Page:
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Canadian Commercial Real Estate Services Firm Accepts CyberBat

A Toronto-based commercial real estate services and investment management firm has admitted that it was the victim of a cyber attack in November, but is not saying whether the incident was as a ransom as a gang is claiming.

A spokeswoman for the publicly traded Colliers International Group, which has corporate and institutional customers in 36 countries, broke security controls on Wednesday after being asked by IT World Canada about a listing on the Dark Web by the Netfilm ransomware gang Accepted. The listing shows that the company was hit with ransomware and its files were copied.

Pamela Smith, the company's communications director, said in an email, "In November 2020, Colliers' information technology team discovered a cyber attack in North America for the company's IT infrastructure." Thanks to the immediate and decisive action taken by the Colliers IT team, the effects on business continuity were limited. Colliers conducted a comprehensive investigation with the support of leading cybersecurity experts in an effort to determine what data might have been affected during the recent program. Colliers continue to monitor the situation closely and will continue to notify affected individuals or organizations. The Colliers IT network is currently safe, secure and fully operational. "

When the attack was ransomware, a spokesperson was asked to confirm whether it was corporate or personally affected, and whether personal, whether it involved current and former employees.

In its most recent quarterly financial statement for the period ending September 30, 2020, Colliers said it had net income of less than $ 32 million on revenue of just over $ 692 million. As of its 2019 financial results at the beginning of last year, it had about 15,000 employees.

Colliers performs a number of services for real estate firms including property management, sales and valuation as well as tenant representation.

The main part in the Netfilim website entry for Colliers is "Part 1", suggesting that the two files posted show that the firm was compromised and may cause further trouble.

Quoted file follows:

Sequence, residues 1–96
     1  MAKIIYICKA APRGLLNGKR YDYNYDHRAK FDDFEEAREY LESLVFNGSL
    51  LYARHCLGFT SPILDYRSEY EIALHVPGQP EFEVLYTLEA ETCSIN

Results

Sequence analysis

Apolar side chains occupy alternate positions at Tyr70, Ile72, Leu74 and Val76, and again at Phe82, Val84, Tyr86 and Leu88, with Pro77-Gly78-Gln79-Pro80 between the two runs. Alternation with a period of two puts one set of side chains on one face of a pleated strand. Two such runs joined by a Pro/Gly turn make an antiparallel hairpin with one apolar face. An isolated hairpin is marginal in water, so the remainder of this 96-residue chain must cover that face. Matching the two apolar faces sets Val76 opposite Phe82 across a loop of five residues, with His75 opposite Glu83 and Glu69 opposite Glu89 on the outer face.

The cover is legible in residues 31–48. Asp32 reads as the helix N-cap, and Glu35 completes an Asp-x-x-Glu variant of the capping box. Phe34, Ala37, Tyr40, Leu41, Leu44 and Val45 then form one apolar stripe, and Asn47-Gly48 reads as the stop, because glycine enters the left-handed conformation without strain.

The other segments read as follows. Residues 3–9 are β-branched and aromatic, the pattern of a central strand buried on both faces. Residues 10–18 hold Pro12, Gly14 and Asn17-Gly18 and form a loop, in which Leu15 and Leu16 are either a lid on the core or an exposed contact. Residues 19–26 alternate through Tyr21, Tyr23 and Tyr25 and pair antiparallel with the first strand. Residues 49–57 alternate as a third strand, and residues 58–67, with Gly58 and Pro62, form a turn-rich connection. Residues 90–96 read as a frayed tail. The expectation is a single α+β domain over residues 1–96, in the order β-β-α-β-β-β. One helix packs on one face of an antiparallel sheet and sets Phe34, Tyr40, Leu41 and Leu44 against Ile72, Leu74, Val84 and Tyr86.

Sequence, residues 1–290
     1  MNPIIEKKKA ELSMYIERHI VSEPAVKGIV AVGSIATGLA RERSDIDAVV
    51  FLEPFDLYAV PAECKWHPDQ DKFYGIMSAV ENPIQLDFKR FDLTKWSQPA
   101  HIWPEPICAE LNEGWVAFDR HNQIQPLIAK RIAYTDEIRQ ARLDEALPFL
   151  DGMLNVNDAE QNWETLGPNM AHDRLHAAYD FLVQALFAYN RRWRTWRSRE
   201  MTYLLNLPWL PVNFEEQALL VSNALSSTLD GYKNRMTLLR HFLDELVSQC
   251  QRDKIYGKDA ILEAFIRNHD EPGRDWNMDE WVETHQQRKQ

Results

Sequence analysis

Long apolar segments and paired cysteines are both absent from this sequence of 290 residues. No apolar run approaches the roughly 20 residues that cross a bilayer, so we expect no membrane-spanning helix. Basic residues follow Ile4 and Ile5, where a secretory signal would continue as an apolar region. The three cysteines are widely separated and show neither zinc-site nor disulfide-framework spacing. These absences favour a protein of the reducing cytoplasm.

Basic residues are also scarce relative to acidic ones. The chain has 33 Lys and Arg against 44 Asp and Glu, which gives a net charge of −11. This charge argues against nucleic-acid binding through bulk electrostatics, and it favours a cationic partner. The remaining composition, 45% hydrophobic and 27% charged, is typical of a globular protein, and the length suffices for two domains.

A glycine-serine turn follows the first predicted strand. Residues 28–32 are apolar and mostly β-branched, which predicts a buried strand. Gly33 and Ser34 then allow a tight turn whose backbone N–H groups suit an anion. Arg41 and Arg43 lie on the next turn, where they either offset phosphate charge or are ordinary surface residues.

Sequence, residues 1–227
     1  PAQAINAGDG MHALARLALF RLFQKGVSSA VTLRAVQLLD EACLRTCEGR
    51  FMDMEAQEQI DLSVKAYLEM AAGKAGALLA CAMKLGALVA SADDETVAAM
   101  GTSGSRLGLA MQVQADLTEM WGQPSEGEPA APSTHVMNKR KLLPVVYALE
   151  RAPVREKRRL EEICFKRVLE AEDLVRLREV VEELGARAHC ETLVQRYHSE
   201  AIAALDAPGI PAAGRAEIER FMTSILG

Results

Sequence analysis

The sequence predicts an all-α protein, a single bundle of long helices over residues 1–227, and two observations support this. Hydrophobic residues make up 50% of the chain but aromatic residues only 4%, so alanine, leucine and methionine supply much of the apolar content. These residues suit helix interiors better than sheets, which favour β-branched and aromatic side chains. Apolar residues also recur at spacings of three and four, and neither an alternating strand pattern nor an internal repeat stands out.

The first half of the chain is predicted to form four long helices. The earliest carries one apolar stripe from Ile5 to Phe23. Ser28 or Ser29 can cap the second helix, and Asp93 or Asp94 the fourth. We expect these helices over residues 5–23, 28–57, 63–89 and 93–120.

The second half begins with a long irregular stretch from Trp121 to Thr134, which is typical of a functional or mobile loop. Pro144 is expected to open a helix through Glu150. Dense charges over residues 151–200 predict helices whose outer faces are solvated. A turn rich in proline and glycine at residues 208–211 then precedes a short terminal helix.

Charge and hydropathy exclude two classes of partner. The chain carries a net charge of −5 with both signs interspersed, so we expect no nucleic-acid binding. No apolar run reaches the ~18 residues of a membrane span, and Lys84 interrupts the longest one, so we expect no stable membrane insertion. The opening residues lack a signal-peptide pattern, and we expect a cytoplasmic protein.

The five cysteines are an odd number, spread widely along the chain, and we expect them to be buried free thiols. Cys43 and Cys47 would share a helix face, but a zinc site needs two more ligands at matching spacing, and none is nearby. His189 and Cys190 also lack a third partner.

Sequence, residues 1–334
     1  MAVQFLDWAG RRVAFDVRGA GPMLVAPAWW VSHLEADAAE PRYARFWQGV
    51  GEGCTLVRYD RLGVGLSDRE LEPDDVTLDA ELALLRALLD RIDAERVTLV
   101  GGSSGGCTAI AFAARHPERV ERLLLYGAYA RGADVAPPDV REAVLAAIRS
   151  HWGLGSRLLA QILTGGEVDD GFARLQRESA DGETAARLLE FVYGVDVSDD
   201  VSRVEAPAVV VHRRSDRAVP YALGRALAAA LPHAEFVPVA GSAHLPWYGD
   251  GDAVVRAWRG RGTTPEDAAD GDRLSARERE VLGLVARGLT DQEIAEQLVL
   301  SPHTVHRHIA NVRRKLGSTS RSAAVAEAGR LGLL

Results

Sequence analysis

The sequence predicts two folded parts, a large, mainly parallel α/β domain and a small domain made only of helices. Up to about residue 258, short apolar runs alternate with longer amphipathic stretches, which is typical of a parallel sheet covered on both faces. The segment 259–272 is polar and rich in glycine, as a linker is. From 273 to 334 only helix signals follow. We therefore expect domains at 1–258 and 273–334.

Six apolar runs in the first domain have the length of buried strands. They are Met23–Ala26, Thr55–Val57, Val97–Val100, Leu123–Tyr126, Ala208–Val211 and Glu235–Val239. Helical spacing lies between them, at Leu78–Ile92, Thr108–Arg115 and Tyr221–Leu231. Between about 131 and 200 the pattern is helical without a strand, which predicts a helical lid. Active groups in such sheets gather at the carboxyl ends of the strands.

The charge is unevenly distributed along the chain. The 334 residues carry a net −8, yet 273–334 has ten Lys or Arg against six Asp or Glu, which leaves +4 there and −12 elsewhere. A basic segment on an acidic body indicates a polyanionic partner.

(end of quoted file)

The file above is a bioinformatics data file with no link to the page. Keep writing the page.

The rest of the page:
According to Brett Callow, a British Columbia-based threat researcher for Amisoft, Nephilim was first spotted in the spring of last year and has since been one of enterprise-space victims including Whirlpool, MAS Holdings, Luxottica and Australian logistics company Toll Group The string has been created. . "Unlike other large game-hunting groups, Nephilim appears to be a closed shop rather than a ransomware-as-a-service provider, which may explain why the group is a less active other," he said in an email. Said in the email. “The group typically uses Microsoft RDP (Remote Desk Protocol) and other public-facing applications for early access to victims. Often, it also takes advantage of unpublished versions of Citrix's application delivery controllers that occur after CVE-2019-19781. "

Imitation - The greatest form of flattery
Coincidentally, Amisoft released its annual status of ransomware in a US report this week. In early 2020, only the Labyrinth group used the threat of releasing stolen information as an additional leverage to withdraw payments. By the end of the year, at least 17 others had adopted it and were publishing stolen data on so-called leaked sites. At least 2,354 US governments, health facilities, and schools were affected by ransomware last year. In addition, looking at data leaked sites it is estimated that more than 1,300 companies worldwide, many U.S.-based, lost data.

The report concludes, "We estimate that there will be even more cases of data theft in 2021, in 2020 - at least twice." We also estimate that cybercriminal data can be stolen more in use Will use it to attack the individuals it relates to to put additional pressure on the organizations from which it was stolen. "

Ransomware attacks can usually be stopped or, at least, their scope is limited, it adds. "While organizations cannot completely eliminate the possibility of human error, they can design their networks in such a way that they do not collapse like card houses when those errors occur."

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